March is women’s history month. In recognition, the Cato Institute’s post, “Three Women Who Launched a Movement: Celebrating Liberty in Women’s History Month,” brings attention to Isabel Paterson, Rose Wilder Lane, and Ayn Rand–each of whom wrote a powerful book in the 1940’s that helped launch the modern libertarian movement.
Each recognized energy as the master resource in different ways. Here are their three books relating to energy:
Rose Wilder Lane begins The Discovery of Freedom (1943) with this memorable prose:
Here is a planet, whirling in sunlit space. The planet is energy. Every apparent substance composing it is energy. The envelope of gases surrounding it is energy. Energy pours forth from the sun upon this air and earth.
Isabel Paterson develops the analogy of “the energy circuit” in her 1943 book, The God of the Machine:
Personal liberty is the pre-condition of the release of energy. Private property is the inductor which initiates the flow…. An empire is merely a long circuit energy-system. The possibility of a short circuit, ensuing leakage, and breakdown or explosion, occurs in the hook-up of political organization to the productive processes.
Ayn Rand’s The Fountainhead (1943) did not have any direct or indirect energy themes, but Atlas Shrugged (1957) certainly did. A whole essay could be written on her creative, even prophetic, use of energy, but here is a partial summation:
Energy Comes from the Mind
But the iron ore and all those other things were there all the time. Why didn’t anybody else make that Metal, but Mr. Reardon did?
Potential of Energy
[Galt’s motor would add] about ten years added to the life of every person in this country—if you consider how many things it would have easier and cheaper to produce, how many hours of human labor it would have released for other work, and how much more anyone’s work would have brought him.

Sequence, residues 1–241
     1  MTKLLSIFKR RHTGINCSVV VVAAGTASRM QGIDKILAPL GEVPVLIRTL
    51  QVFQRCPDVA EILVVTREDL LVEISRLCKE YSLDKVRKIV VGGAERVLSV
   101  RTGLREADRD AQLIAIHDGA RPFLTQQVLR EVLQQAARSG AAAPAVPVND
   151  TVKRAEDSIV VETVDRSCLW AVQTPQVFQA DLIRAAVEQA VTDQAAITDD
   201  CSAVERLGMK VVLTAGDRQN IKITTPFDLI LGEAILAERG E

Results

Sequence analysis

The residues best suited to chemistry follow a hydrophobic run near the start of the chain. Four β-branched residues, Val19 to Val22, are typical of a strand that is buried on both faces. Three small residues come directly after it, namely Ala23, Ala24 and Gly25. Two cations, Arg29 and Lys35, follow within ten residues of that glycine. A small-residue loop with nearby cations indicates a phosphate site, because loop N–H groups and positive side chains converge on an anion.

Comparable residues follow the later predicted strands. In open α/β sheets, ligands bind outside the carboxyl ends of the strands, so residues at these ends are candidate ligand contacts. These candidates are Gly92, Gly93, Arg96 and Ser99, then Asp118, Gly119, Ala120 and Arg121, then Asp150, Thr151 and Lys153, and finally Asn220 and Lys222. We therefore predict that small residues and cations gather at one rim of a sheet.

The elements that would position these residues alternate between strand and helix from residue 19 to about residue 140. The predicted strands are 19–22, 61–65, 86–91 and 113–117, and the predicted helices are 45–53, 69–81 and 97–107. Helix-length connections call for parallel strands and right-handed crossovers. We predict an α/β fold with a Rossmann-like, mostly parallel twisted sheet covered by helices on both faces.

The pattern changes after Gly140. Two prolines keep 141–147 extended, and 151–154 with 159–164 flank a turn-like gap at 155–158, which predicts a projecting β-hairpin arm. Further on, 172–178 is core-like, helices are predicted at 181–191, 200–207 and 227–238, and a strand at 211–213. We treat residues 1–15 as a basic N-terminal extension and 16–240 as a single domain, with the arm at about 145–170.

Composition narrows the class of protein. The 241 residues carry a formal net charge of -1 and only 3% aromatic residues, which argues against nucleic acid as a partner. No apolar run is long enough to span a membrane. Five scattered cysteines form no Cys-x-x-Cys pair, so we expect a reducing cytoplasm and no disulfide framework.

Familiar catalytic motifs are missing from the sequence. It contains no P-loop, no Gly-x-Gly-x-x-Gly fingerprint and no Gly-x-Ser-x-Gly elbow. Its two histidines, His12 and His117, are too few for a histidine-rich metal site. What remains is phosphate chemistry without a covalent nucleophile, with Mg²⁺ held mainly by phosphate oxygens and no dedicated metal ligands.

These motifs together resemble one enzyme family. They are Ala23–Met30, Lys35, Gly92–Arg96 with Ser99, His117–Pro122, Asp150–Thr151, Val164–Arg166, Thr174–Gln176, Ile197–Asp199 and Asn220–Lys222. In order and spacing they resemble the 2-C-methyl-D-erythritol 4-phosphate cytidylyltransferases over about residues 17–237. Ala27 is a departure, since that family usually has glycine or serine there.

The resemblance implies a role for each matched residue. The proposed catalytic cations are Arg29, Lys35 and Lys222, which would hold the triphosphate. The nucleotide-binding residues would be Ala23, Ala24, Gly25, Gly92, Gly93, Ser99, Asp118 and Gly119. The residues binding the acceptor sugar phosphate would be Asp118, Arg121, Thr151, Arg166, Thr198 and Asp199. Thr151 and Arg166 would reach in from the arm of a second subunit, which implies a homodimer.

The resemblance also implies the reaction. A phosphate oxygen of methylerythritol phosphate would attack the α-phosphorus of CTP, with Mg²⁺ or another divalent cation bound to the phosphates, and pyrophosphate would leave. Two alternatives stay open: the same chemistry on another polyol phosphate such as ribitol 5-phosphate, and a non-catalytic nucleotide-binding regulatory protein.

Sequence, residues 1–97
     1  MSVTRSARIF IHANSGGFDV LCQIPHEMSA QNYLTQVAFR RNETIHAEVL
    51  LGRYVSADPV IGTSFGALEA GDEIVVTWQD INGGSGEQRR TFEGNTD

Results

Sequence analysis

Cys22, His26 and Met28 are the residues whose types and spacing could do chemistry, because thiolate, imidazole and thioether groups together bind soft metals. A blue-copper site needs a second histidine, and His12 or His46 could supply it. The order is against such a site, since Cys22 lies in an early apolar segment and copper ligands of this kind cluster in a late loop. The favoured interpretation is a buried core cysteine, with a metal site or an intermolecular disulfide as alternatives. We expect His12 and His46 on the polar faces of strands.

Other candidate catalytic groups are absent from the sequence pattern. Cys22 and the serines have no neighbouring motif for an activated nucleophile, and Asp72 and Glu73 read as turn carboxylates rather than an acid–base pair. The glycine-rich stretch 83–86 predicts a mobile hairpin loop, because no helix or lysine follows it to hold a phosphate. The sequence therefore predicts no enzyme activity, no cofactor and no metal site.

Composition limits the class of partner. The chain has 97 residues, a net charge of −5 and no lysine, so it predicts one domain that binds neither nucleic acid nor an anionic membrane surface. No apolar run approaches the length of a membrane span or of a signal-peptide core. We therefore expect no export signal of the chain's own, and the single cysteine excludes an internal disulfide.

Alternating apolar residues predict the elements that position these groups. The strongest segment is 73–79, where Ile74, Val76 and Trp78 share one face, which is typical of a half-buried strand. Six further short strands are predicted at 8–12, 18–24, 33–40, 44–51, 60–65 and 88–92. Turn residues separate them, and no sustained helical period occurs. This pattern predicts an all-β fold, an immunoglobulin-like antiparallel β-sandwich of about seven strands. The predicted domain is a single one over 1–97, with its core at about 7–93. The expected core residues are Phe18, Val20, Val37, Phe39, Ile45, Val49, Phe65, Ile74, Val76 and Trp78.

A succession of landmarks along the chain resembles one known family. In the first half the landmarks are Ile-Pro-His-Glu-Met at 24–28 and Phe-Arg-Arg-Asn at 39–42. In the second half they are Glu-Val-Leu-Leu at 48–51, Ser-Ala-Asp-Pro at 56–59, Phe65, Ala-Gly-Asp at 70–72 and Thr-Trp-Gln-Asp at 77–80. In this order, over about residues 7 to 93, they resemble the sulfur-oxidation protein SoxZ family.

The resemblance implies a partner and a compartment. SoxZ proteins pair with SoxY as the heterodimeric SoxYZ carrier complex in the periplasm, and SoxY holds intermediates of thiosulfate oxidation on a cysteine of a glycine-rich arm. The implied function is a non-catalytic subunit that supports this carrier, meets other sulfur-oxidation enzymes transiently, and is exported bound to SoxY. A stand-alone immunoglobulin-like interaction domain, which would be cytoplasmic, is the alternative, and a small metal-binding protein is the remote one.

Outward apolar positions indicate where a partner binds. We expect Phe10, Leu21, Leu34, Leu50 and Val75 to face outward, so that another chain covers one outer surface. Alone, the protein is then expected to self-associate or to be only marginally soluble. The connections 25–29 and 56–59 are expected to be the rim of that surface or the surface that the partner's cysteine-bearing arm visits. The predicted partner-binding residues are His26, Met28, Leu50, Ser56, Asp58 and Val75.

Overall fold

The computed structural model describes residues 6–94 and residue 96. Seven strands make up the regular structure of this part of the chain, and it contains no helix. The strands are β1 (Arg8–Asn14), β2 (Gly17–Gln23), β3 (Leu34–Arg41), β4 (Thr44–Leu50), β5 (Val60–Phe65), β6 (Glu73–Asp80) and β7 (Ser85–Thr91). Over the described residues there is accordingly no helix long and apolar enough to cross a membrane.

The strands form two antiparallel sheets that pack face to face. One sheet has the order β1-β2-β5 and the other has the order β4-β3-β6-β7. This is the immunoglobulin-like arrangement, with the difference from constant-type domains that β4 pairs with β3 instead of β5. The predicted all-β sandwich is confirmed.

Far below in the valley, in the gathering night, there trembled a few pale smears which were the lights of tallow candles.
Energy Moves the World
“‘Motive power—you can’t imagine how important that is. That’s the heart of everything.’”
Energy as a Supreme Good
He was the man of extravagant energy … who knew … that ingenuity of his mind is his noblest and most joyous power.
Rand’s fictional account of a deteriorating society contains an interventionist dynamic of growing government control of the vital energy economy. There is the Bureau of Economic Planning and Natural Resources. There are price controls, conservation mandates, and an excess profits tax. (She had seen all this during World War II.) There are shortages and breakdowns (what Ludwig von Mises called “planned chaos). Regulators play the blame game on private industry.
The Cato essay ends:
Surveying the disheartening intellectual climate of the 40s [and add the intellectual climate of today], F. A. Hayek wrote:
We must make the building of a free society once more an intellectual adventure, a deed of courage…. Unless we can make the philosophic foundations of a free society once more a living intellectual issue, and its implementation a task which challenges the ingenuity and imagination of our liveliest minds, the prospects of freedom are indeed dark. But if we can regain that belief in the power of ideas which was the mark of liberalism at its best, the battle is not lost.
The battle, history has since shown, is not yet lost, and this is due in no small part to Rand, Paterson, and Lane’s belief in the power of ideas. Unconstrained by conventional political categories, they savaged the collectivist economic nostrums of the left even while, in their lives and careers, they exploded the rigid gender roles seen as sacrosanct by so many on the right. In the process, they laid the foundations of the modern libertarian movement. This Women’s History Month, on the sixty-sixth anniversary of their monumental triple achievement, the Cato Institute pays homage to three women without whom it would not exist.
Cato senior fellow Jim Powell’s full essay on the role of Lane, Paterson, and Rand on the modern libertarian movement, published in The Freeman in May 1996, is available here.